Monday, May 16, 2011

Tough Without a Gun

LRB · Jenny Diski · A bout de Bogart:

Bogey and Bacall (via the Daily Mail)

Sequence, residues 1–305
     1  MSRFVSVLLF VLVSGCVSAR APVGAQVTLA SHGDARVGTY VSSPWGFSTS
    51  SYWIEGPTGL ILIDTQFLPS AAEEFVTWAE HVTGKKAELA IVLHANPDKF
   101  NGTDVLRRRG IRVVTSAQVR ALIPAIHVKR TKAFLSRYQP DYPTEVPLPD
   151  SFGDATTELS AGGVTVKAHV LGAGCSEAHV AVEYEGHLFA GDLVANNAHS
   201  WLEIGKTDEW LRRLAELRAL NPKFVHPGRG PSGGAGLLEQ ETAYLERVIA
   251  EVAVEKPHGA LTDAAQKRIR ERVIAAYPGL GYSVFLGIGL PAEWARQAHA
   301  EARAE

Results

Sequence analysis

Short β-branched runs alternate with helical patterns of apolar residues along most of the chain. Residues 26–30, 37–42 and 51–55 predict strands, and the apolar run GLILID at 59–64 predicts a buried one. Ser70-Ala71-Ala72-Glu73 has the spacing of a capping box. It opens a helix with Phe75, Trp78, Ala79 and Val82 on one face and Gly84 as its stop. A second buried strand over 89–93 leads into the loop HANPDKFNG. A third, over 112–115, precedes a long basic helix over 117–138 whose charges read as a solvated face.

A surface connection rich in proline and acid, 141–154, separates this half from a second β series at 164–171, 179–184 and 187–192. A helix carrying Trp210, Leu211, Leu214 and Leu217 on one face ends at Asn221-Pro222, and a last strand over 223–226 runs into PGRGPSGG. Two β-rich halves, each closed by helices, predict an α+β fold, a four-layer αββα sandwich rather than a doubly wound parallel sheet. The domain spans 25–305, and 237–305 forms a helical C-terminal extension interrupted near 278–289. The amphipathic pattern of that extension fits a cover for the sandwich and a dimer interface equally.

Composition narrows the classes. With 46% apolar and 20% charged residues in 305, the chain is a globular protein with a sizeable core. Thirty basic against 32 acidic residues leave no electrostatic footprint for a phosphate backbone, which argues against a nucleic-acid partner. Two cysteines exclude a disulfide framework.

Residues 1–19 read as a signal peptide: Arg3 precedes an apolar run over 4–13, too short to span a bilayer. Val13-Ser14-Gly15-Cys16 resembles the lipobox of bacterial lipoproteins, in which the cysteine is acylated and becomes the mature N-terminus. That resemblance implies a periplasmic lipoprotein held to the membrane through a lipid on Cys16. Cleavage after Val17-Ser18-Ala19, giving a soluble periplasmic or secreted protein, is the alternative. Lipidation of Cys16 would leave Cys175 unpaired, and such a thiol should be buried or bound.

This mixture of jobbing actor’s insecurity and confusion between himself and his characters’ idealism played out in the politics of the time and Bogart’s part in it. He joined a planeload of stars to tour the US and ended up in Washington in support of Hollywood’s Unfriendly Nineteen (‘unfriendly’, that is, to the House Un-American Activities Committee). These were dangerous times for unwitting (witless?) actors. Ginger Rogers’s mother assured the committee that her daughter had refused to say ‘Share and share alike – that’s democracy’ in Tender Comrade because of the line’s red tint. But Bogart stood shoulder to shoulder with Bacall, Danny Kaye, Paul Henreid and others, in defence of their fellow actors and scriptwriters. However, when the blacklists began, Sam Spade started to shade into the paranoid, whingeing Fred C. Dobbs of The Treasure of the Sierra Madre and the deluded Captain Queeg in The Caine Mutiny. Kanfer quotes Alistair Cooke: ‘Bogart was aghast to discover [that many of the protestors] were down-the-line Communists coolly exploiting the protection of the First and Fifth Amendments to the Constitution. He had thought they were just freewheeling anarchists, like himself.’ Not so freewheeling, not so anarchistic; and surely Harry Morgan of To Have and Have Not wouldn’t have had an aghast moment in his life. Bogart signed an article entitled ‘I’m No Communist’ in Photoplay in which he (or a Warner Brothers publicist) explained that the trip to Washington was ‘ill-advised’ and that he was a dupe, a ‘foolish and impetuous American’.

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